The Godfather Part II | 1974
Regarded by many as superior to part one, The Godfather, Part II was the first sequel ever to win Best Picture at the Oscars.
The village of Vito Andolini’s youth is supposedly ‘Corleone’, a real town about twenty miles south of Palermo in western Sicily, though the locale seen in the movie is around Taormina in the northeast of the island.
A more surprising Italian location is New York’s 'Ellis Island', point of arrival for European immigrants during the first half of the century, where Vito Andolini becomes Vito Corleone. The buildings had fallen into disrepair, but are now restored as the Ellis Island Immigration Museum. The museum is located in the Main Building of the former immigration station complex, and records stories of the 12 million immigrants who passed through Ellis Island to a new life in America. The film uses the Old Fish Market at Trieste, on the Adriatic coast of northern Italy. This, too, has been restored and is now a cultural centre, the Salone Degli Incanti (Salon of Enchantments).
The Corleone lakeside estate is Fleur du Lac, the Henry Kaiser estate on the western California shore of Lake Tahoe. The lakeside area has been developed and the Corleone compound is now the boathouse of a private, gated, community.
The scenes of younger Vito’s Little Italy neighbourhood of 1917 were shot on Sixth Street in the East Village between Avenues A and B, tricked out in period dressing.
A block north, you'll find the bar where the Rosato brothers try to garotte Pentangeli, which was PH Vazac’s and is now 7B Horseshoe Bar (Vazac's), 108 Avenue B at Seventh Street (known as Seven and B), at the southeast corner of Tompkins Square Park in the East Village.
Popular in movies as a ‘lowlife’ bar, 7B Horseshoe Bar is where Mick Dundee (Paul Hogan) gets unwittingly fixed up with a bloke in drag in "Crocodile" Dundee; where Harry Angel (Mickey Rourke) gets photos of Johnny Favorite in Alan Parker's Angel Heart; and it's the local hangout in 1988's Five Corners with Jodie Foster and Tim Robbins. I love this bar. It's not the place if you want elegance and cocktails, but it's a friendly local with a great jukebox.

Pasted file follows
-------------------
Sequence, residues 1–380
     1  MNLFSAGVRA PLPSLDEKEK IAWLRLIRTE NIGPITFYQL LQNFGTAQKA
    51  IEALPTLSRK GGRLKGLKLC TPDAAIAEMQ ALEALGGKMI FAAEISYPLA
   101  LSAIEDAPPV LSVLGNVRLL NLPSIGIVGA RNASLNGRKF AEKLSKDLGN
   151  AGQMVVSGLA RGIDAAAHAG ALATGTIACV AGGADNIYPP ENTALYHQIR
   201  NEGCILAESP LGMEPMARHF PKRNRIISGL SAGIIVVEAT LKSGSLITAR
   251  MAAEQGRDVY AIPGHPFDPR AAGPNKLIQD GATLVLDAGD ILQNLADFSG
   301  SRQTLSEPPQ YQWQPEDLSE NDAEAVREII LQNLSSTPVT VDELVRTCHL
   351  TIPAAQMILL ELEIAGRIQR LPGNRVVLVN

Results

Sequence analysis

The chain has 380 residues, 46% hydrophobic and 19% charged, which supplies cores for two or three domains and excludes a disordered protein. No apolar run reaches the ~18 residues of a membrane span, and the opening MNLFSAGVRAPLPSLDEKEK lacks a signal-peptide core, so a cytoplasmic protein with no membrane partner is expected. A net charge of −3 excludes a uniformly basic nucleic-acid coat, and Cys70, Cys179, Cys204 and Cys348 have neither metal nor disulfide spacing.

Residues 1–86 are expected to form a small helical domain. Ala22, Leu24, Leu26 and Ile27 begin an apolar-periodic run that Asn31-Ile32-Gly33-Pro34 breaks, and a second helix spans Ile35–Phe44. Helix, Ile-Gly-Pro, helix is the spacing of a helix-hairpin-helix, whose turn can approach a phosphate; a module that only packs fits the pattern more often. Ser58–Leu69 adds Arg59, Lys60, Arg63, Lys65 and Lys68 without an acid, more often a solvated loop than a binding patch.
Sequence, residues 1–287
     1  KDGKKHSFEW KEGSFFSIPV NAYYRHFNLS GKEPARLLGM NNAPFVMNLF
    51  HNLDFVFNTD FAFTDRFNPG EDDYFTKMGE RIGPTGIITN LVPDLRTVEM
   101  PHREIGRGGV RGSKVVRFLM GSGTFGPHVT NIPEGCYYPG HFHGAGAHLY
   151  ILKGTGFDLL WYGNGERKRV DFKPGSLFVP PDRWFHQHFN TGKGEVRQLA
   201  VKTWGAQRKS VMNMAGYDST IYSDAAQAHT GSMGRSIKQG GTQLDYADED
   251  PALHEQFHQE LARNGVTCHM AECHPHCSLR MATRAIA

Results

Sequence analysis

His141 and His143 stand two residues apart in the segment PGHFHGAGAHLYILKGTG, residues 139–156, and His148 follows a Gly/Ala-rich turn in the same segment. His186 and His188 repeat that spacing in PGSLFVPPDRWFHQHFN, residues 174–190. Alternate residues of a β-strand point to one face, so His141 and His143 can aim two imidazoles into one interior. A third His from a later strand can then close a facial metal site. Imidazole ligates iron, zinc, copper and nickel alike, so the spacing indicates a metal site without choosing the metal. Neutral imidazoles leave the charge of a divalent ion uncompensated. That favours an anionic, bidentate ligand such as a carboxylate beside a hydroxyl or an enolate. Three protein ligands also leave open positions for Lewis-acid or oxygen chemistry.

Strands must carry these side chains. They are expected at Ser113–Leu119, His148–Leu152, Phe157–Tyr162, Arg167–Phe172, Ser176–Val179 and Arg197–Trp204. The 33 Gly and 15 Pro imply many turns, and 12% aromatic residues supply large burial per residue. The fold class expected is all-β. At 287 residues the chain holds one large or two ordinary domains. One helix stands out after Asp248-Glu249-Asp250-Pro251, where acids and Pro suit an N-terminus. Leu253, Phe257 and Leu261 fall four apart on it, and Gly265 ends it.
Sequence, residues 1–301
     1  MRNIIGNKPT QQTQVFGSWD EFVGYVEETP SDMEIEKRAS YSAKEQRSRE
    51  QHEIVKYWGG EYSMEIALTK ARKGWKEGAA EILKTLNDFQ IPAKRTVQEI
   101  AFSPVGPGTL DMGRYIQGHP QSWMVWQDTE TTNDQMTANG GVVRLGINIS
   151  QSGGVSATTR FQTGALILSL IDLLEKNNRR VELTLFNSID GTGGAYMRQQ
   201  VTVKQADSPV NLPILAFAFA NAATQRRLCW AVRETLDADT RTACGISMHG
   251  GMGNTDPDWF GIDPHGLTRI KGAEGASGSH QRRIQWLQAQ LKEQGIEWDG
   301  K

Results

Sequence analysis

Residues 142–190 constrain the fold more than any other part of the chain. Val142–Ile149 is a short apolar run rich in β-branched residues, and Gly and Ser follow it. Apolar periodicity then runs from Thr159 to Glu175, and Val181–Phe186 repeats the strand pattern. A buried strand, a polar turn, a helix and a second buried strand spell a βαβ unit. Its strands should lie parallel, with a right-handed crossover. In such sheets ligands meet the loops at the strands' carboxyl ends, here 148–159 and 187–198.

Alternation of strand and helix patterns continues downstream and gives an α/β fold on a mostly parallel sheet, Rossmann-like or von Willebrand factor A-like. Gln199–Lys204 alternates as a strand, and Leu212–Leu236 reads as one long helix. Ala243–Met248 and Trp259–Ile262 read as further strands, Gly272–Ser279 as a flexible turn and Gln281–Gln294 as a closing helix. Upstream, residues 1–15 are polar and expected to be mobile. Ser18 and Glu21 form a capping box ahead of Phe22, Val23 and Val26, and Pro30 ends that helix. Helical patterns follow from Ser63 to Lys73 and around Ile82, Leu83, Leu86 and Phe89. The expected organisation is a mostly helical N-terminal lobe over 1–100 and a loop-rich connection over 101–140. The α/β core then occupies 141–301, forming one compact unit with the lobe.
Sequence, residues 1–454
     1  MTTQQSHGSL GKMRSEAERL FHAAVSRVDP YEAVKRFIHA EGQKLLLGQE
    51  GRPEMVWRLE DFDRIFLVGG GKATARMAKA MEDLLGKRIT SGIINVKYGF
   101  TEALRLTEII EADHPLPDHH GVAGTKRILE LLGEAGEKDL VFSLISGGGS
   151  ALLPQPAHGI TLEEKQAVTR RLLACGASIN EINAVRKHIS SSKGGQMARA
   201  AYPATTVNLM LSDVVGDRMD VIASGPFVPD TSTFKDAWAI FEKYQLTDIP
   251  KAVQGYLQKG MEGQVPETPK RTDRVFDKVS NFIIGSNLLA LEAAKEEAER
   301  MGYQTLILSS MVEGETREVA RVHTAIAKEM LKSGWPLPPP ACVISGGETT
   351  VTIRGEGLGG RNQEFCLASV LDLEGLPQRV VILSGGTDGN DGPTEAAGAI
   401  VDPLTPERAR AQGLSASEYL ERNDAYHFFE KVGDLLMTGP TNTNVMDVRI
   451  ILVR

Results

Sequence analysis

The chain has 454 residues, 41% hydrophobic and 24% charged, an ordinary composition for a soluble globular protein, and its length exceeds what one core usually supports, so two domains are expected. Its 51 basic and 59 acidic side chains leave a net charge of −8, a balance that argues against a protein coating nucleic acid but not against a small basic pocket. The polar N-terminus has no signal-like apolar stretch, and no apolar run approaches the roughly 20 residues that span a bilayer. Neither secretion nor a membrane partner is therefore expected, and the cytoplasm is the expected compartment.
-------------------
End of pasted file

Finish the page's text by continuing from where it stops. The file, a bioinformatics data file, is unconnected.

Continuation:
The ensuing shoot-out was filmed outside on East Seventh Street.
When Michael Corleone (Al Pacino) visits Hyman Roth (legendary acting coach Lee Strasberg) in Miami it’s the real thing, but ‘Cuba’ was clearly out of the question. The pre-Revolutionary scenes were filmed in the Dominican Republic, the eastern part of the island of Hispaniola (Gulf & Western, Paramount’s parent company conveniently owns property in there).
Santo Domingo, the island’s capital on the southern coast, stands in for 1950s ‘Havana’, where Roth’s hotel is Occidental El Embajador, Avenue Sarasota 65, built in 1956 and given a major makeover in 2014.
Santo Domingo’s enormous Presidential Palace stands in for the palace of President Batista, where the New Year’s festivities are cut short by insurrection.
Back in the USA, the army post, where the FBI protect Pentangeli, is the California Institute for Men, Central Avenue, three miles south of Chino, Highway 60 to the east of Los Angeles.
The Florida home of Hyman Roth is 2045 North Hibiscus Drive off Biscayne Boulevard in the Keystone Islands of North Miami.
Two other places claiming to have been used as locations, but not instantly recognisable, are the Doheny Mansion, Chester Place, on the campus of Mount St Mary’s College, off West Adams Boulevard in Los Angeles. You can see the Mansion in Sam Raimi's Drag Me To Hell and Spider-Man3, and as the ‘Consulate of Genovia’ in The Princess Diaries.
While in New York, venerable coffee house Caffe Reggio, 19 MacDougal Street at West 3rd Street in Greenwich Village is often claimed to appear in the film.
The Reggio, reputed to be New York’s oldest coffee house, is also supposed to featured in Serpico but, although Frank Serpico's classmate says she works in Caffe Reggio, we don’t – despite claims made in many New York guidebooks – actually get to see the famed Village hangout. You can, though, see the cafe in the dull 1976 Sean Connery thriller The Next Man, as well as in the original 1971 Shaft and more recently in the Coens’ Inside Llewyn Davis.